First published in May 2014.
The Brandons is the 598th entry upon the Virago Modern Classics list. The novel was first published in 1939, and the new reprint has been adorned with another of Mick Wiggins’ lovely cover designs. The Brandons is part of Angela Thirkell’s Barsetshire Chronicles series, which is comprised of twenty nine novels in all.
As the title suggests, The Brandons focuses upon the family of the same, and focuses chiefly upon Lavinia Brandon, who is deemed ‘quite the loveliest widow in Barsetshire’. She lives with her two ‘handsome’ grown-up children, Francis and Delia, in quiet comfort at Stories, the family home. The central thread of the story is realised when cousin Hilary Grant comes to stay, and ‘promptly falls for his fragrant hostess’ Lavinia. She, however, is more interested upon making ‘a match’ between the vicar and ‘gifted village helpmeet’ Miss Morris, whilst ‘elegantly deterring her [own] lovestruck suitors’.
Lavinia Brandon has been widowed for quite some time, and has no qualms about being harsh or unfeeling regarding her late husband. She frequently refers to how cruel he was, and Thirkell says of him, ‘As for Mr Brandon’s merits, which consisted chiefly in having been an uninterested husband and father for some six or seven years and then dying and leaving his widow quite well off, no one thought of them’. The novel is not overly plot-driven, really, and involves itself heavily with such things as hosting and attending dinner parties and having to marry off one’s children by a certain age, lest they amount to no more than spinsters.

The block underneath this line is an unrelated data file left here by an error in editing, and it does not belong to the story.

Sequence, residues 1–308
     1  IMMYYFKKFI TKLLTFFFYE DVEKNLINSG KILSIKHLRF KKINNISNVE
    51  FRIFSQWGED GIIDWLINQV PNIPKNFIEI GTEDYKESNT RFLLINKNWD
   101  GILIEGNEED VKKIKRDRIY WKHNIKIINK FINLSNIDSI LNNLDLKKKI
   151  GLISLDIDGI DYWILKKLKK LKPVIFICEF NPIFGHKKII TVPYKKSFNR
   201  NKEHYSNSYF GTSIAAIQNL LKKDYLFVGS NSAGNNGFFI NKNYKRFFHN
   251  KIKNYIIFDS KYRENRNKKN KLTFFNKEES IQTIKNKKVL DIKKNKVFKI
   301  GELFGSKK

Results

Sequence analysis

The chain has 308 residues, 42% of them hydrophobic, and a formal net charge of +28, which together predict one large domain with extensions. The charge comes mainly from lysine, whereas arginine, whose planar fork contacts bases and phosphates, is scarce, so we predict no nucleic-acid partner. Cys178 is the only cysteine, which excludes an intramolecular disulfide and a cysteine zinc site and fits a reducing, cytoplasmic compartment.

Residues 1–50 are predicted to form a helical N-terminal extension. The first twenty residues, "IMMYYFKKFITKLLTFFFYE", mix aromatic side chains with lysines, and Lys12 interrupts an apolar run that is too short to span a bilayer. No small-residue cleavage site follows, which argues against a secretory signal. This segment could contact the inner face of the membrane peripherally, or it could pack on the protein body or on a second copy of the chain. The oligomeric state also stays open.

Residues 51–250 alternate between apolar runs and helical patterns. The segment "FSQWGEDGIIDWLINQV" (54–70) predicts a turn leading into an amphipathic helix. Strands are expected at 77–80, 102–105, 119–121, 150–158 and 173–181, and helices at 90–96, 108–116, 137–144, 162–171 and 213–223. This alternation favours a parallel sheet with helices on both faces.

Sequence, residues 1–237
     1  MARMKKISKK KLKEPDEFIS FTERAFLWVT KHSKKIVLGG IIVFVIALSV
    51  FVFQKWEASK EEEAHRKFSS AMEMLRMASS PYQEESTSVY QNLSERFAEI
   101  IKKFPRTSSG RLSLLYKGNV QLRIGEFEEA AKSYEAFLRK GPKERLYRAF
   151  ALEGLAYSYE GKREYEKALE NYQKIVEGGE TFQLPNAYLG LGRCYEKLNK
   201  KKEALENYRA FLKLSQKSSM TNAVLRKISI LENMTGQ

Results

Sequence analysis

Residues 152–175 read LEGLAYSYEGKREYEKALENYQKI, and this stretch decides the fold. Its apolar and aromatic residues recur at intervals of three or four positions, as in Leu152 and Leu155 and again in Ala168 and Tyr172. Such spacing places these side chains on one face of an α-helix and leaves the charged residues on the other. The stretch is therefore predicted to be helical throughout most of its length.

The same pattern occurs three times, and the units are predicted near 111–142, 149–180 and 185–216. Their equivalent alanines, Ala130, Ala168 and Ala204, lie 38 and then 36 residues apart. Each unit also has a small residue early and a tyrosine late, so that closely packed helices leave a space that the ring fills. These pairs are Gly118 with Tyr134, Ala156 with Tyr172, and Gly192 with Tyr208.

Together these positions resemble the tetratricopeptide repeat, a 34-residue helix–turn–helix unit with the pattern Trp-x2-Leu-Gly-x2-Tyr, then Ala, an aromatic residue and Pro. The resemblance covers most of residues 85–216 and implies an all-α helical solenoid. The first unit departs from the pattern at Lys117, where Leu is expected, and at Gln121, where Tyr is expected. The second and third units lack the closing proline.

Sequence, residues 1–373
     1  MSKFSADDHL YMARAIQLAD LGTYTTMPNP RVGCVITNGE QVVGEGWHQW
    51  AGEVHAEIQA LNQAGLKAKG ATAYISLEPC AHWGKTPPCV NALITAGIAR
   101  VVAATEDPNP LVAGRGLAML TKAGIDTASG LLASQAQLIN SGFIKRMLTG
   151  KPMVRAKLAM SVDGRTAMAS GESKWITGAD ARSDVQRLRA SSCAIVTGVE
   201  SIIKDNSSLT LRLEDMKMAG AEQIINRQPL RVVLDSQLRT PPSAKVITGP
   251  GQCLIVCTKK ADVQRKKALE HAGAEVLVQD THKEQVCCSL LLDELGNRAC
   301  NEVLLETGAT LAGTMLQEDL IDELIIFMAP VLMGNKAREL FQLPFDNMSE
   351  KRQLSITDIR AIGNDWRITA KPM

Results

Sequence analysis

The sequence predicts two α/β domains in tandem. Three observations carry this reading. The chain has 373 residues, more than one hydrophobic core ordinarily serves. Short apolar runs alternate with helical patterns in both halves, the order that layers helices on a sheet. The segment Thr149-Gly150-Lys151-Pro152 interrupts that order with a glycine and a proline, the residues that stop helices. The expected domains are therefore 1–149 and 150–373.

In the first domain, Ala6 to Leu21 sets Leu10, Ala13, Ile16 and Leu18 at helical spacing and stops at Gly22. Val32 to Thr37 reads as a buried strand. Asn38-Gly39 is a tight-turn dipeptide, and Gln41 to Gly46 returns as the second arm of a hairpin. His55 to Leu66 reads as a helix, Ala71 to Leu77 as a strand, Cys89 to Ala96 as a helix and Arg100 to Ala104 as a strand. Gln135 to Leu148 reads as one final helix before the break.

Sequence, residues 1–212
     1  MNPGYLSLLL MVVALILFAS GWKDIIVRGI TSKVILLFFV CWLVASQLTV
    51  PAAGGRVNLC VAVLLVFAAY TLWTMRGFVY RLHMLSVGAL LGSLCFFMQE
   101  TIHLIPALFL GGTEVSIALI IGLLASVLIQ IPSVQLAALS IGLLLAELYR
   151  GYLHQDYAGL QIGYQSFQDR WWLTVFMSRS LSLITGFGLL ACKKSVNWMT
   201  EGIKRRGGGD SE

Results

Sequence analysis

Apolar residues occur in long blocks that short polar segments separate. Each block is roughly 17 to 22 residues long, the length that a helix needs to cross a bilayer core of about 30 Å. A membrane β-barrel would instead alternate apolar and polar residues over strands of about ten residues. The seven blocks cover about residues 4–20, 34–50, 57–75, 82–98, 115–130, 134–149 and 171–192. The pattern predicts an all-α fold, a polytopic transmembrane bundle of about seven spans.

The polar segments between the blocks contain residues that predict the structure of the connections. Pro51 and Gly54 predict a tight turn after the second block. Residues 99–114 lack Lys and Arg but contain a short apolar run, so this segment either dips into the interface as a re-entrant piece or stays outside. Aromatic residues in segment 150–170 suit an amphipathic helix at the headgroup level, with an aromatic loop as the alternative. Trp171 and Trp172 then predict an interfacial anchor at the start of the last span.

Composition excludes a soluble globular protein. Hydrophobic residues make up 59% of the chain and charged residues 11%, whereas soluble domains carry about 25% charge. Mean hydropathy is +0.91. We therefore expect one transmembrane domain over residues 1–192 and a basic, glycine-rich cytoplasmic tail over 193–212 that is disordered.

Thirkell writes wonderfully, and sets out the lives of her characters against backgrounds in which they live. Her trademark wit can be found throughout The Brandons, and one can see how she always picks up on the very smallest details which immediately set out the temperaments of her protagonists. Young Francis, for example, who appears to have been rather an exuberant infant, was ‘wearing a green linen suit with a green linen feeder tied round his neck, and was covered with apricot jam from his large smiling mouth to the roots of his yellow hair’. So many elements are considered with regard to actions, settings and conversations that it often feels that one is watching a play as the scenes unfold so vividly.
Stylistically, The Brandons is similar to the other Barsetshire novels, and it is rather quiet in terms of what happens within its pages, but it is entertaining and droll, and is sure to be a great addition to summer reading lists.